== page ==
In May 2007, 90 percent of the class members signed a petition saying they agreed with giving 100 percent of funds raised to go toward newly formed Kenya Dream. Thanks to a personal connection between a Cupertino High advisor and the principal at Nthimbiri Secondary School, the Cupertino teens decided to specifically help Kenyan students.

“We knew the money wasn’t going to get sucked down a black hole,” Li said, noting the concern about donating money to Third World countries where aid sometimes gets waylaid by governments or other organizations.

Dream of Helping Others

For Li the new organization was something that “completely resonated” with him, citing a desire to help others since he was younger.

“I feel like I’m very privileged to be growing up in the Silicon Valley and going to such a great high school district, and I always thought about doing something to give back to the community,” he said. “It’s just something I believe is my responsibility.”

Li’s involvement in Kenya Dream and his commitment to helping others caught the attention of the founders of the Justin Perkins Sandlot Award, who bestowed the award to Li in 2011 without even having applied for it.

The award was created in 2009 at Monta Vista High School in Cupertino to honor the memory of Perkins, an inspirational young alumnus who died of cancer in 2008. It’s now offered at four of the five Fremont Union High School District campuses, and could encompass all five schools by next spring. It specifically recognizes students, and in some cases teachers, who display kindness to others and the community because of a sincere desire to help, not to earn accolades for scholarships or college admissions.

“I do Kenya Dream because it’s something that I love doing. I’m not really using it to apply to all these scholarships for community stuff,” Li said. The award, he said, “really meant a lot to me.”

Future Dreams

Li now studies business administration at Berkeley, with a minor in Global Poverty and Practice, unique to the university. He plans on starting a Kenya Dream chapter at Berkeley in the coming year. He maintains close ties with the Cupertino Kenya Dream chapter as an advisor, and was asked by a student from neighboring Fremont High School to help start a chapter there.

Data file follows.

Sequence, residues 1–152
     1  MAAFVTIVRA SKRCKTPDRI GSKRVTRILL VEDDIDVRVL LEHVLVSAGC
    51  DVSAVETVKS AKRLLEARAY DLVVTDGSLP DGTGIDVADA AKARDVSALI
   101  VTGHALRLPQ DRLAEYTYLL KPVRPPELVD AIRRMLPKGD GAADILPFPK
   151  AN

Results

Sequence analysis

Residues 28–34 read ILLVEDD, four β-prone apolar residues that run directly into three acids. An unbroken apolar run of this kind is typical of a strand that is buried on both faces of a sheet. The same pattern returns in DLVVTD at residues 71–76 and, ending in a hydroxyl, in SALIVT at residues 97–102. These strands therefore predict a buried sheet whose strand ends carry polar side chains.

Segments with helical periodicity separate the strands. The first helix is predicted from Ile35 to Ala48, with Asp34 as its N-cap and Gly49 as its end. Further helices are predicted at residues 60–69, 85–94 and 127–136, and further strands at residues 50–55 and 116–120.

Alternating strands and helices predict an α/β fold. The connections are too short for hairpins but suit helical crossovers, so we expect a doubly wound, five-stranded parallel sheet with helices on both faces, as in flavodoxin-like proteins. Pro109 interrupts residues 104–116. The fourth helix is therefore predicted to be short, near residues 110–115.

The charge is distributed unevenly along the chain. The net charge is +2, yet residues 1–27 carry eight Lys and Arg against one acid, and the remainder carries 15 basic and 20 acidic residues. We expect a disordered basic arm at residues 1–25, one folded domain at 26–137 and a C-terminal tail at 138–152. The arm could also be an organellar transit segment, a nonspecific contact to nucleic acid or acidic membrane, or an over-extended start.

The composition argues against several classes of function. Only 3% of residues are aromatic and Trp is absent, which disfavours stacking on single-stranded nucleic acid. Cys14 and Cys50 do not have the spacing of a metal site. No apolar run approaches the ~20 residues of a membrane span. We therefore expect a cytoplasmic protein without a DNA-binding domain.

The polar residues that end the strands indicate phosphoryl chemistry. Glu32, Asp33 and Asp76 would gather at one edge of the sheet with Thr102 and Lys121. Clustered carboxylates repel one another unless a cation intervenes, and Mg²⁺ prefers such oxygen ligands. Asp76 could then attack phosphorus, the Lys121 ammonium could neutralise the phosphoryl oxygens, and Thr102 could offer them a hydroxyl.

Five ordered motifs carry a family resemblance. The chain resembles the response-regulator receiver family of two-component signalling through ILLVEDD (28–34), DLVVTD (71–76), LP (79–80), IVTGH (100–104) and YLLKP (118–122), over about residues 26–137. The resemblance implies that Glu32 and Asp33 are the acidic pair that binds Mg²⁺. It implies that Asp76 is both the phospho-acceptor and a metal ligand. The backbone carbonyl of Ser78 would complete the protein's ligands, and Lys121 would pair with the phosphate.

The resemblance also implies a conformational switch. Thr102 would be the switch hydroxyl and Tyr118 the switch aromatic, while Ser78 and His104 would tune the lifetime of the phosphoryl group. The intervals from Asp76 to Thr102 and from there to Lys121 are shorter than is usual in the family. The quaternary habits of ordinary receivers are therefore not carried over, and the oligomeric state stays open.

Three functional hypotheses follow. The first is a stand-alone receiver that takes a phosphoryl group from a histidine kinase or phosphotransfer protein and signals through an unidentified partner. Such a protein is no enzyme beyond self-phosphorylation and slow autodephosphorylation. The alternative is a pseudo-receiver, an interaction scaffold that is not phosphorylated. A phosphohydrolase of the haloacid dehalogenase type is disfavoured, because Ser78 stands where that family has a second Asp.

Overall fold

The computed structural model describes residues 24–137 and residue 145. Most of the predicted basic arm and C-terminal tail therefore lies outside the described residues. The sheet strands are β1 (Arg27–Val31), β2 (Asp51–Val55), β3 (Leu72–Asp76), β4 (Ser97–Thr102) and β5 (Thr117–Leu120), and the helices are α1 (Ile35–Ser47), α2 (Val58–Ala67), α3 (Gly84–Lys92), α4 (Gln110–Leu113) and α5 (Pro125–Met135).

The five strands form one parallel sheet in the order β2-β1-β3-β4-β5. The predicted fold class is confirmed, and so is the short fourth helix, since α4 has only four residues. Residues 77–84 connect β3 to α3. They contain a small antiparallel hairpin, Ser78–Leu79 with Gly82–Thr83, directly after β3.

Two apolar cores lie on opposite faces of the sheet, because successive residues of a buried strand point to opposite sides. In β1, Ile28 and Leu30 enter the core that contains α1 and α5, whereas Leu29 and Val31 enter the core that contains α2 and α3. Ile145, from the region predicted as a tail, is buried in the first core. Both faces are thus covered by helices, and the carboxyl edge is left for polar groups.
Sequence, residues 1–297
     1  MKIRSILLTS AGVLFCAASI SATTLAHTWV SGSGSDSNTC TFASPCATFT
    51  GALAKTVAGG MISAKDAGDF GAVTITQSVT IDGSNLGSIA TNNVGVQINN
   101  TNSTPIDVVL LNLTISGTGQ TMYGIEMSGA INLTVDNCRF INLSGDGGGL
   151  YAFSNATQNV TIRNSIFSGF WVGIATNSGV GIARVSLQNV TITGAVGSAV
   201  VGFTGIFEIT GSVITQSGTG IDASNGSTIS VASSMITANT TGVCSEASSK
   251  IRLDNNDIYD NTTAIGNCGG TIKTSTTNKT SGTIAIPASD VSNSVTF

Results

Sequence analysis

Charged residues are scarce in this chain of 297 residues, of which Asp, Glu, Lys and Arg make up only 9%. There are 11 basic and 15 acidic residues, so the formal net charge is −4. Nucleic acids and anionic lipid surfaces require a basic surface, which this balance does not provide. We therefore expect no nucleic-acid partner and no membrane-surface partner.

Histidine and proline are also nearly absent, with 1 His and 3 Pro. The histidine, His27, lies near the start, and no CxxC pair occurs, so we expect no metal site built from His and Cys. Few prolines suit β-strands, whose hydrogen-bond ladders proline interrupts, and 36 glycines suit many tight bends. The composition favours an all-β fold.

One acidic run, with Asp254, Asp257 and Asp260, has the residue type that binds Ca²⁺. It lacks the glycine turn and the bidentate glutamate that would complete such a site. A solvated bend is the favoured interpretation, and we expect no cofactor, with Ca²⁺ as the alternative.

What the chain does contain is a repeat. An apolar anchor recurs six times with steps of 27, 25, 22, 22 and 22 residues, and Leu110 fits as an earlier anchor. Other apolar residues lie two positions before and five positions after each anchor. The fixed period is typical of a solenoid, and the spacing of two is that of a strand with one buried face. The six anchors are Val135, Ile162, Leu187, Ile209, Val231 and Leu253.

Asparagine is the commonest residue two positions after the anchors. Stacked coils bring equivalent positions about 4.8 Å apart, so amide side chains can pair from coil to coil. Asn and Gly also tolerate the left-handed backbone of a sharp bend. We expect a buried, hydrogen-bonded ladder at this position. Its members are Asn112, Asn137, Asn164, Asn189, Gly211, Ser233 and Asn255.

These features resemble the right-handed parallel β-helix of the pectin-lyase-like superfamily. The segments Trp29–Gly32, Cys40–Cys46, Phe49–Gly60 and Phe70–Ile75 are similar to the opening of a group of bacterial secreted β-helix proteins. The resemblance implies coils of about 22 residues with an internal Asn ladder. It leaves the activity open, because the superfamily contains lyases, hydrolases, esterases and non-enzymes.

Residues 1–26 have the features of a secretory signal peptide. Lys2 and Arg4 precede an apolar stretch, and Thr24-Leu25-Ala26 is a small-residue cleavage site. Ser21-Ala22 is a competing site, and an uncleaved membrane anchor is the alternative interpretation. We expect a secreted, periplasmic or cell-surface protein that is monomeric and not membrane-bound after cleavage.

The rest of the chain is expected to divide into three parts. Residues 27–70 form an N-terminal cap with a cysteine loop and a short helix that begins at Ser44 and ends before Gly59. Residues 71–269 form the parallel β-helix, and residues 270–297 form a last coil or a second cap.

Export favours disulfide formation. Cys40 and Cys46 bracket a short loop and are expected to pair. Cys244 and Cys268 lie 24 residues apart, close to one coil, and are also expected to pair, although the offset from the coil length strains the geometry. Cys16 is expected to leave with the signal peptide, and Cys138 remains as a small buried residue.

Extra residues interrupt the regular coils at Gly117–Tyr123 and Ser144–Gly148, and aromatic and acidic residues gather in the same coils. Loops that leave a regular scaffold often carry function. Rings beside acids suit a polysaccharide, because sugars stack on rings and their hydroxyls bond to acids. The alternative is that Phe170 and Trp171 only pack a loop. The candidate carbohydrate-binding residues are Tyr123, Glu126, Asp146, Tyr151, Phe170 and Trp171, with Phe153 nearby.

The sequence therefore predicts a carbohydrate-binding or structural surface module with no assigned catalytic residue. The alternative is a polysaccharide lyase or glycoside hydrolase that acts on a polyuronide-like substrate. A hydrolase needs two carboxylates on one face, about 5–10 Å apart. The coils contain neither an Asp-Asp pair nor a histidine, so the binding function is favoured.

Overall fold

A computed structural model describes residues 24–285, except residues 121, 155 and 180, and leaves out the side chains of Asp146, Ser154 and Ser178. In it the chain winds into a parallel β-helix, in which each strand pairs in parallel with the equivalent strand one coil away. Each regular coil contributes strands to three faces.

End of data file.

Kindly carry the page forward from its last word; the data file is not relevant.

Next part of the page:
As for what he’ll do after graduation, Li said he’s considering applying for the Peace Corps, but he still wants to spread the message of the original dream.

“I’d like to expand Kenya Dream and Dreams for Schools to another level, where every high school around the Silicon Valley has a Kenya Dream Club or Dreams for Schools…(I want to) let other middle school, high school, and college students know that they can do something beyond themselves,” he said.

No matter what Li winds up doing, it’s not surprising that one thought is guiding his decision making process: “Anything related to giving back.”


  1. This is a great story and it’s wonderful to see how Kenya Dream has continued to grow and expand beyond Cupertino High and the 2010 graduating class. My daughter Monique Crowe (class of 2011) worked in student government with Justin Li on many of the fundraisers for it.

  2. Pam Marino says:

    Thank you for your comment, Michelle! That’s wonderful your daughter was able to help with the fundraisers.